A new report by the Bureau of Business Research at Ball State University found that the recent minimum wage increases account for 550,000 fewer part-time jobs. According to the analysis of Bureau of Labor Statistics data, most these losses are among workers between the age of 16 and 19. (HT: Americans for Tax Reform)
The minimum wage hike during a downturn had a significant impact, especially on part-time workers, because it as business could no longer afford the additional costs. As a result, jobs losses among younger workers were especially pronounced.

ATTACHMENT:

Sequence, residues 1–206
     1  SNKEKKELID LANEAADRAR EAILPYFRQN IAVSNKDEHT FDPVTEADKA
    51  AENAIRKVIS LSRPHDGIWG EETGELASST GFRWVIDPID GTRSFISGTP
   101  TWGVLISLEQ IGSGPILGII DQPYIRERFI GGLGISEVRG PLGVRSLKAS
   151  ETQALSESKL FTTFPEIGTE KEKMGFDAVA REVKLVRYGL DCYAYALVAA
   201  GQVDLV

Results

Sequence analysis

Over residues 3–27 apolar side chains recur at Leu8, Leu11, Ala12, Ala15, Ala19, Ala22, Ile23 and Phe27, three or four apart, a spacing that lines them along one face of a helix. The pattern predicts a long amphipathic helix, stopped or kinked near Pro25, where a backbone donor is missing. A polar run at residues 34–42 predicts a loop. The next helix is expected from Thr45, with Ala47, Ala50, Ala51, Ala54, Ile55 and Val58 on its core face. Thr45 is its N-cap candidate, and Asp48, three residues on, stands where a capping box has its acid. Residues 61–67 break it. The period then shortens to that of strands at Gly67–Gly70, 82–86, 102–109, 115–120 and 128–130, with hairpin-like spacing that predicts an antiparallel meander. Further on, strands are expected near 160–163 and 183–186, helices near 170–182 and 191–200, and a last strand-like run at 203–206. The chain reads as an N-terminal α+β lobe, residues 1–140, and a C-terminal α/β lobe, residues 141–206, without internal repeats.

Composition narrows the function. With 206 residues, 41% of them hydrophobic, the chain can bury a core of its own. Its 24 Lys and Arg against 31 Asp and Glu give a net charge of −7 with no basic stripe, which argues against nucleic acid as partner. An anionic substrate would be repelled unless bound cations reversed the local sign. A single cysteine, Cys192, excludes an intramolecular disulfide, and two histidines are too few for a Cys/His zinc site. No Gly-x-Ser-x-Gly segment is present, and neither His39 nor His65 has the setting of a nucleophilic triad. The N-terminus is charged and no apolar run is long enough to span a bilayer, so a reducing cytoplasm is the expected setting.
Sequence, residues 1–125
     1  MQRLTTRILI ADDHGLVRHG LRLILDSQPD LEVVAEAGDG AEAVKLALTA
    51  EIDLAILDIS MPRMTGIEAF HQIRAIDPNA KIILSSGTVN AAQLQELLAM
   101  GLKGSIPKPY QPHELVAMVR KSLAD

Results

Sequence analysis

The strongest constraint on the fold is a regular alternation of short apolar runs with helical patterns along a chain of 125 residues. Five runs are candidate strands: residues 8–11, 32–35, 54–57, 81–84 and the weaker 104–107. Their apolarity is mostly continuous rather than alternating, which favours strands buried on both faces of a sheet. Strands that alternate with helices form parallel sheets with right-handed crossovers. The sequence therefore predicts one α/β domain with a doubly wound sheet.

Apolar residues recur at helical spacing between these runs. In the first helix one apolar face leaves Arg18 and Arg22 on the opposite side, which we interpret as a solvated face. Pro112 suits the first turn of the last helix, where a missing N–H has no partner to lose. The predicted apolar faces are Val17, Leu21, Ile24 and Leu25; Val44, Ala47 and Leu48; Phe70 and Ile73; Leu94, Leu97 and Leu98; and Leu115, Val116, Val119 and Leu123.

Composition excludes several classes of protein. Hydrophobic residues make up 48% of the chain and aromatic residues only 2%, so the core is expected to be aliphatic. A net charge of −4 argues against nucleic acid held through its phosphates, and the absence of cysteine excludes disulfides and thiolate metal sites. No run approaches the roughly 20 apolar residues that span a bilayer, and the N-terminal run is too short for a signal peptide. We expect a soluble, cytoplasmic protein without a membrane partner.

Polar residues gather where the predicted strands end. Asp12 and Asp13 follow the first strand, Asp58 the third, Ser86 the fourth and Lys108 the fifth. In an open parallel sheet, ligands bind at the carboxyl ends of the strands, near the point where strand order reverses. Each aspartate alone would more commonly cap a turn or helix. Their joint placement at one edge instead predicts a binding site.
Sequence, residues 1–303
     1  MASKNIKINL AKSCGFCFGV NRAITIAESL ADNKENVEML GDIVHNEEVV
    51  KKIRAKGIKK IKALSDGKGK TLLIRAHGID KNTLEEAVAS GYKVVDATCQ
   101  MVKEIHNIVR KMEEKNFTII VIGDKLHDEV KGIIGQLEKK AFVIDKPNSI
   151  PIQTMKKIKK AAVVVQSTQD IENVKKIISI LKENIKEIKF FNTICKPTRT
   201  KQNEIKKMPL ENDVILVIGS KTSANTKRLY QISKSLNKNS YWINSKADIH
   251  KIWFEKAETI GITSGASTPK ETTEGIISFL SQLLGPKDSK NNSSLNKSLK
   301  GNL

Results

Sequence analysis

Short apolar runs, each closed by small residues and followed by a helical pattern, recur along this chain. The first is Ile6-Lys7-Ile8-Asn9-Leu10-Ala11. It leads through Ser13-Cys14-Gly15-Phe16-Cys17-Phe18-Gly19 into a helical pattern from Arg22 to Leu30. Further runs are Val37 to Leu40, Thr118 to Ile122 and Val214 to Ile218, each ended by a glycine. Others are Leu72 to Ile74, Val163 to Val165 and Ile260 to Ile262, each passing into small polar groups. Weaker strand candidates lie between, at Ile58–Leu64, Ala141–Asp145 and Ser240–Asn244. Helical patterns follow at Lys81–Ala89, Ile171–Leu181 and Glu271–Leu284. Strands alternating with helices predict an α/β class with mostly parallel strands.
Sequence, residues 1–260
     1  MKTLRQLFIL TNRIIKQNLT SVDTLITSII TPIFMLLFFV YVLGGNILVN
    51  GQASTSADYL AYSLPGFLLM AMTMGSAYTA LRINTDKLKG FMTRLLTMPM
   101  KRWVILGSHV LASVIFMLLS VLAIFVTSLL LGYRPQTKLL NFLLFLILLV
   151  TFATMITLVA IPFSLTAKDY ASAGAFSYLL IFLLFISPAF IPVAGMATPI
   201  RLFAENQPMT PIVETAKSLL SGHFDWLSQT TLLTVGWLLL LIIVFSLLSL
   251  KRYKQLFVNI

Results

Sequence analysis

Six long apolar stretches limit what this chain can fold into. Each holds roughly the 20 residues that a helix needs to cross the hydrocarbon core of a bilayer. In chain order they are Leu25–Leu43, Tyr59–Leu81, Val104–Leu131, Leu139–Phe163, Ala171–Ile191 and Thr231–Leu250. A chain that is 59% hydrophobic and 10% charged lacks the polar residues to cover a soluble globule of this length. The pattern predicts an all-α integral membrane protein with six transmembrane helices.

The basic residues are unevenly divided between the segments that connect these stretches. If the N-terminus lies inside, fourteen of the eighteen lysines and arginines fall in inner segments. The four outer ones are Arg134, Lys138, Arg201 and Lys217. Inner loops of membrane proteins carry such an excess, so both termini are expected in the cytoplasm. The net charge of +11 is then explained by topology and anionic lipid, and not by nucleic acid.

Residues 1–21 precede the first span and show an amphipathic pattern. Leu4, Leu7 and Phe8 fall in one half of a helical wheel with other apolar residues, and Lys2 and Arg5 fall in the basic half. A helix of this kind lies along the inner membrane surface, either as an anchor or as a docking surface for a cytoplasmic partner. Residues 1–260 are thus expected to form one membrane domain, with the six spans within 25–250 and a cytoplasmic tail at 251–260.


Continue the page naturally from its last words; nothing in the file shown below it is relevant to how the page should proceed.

Federal and state governments legislate minimum wage to help the poor and unskilled. Yet, studies and consensus among economists have found that minimum wage laws have a negative effect on employment. Indeed countless studies of minimum wage laws have found that they reduce employment, primarily among the low-skill workers and disproportionately affect the young.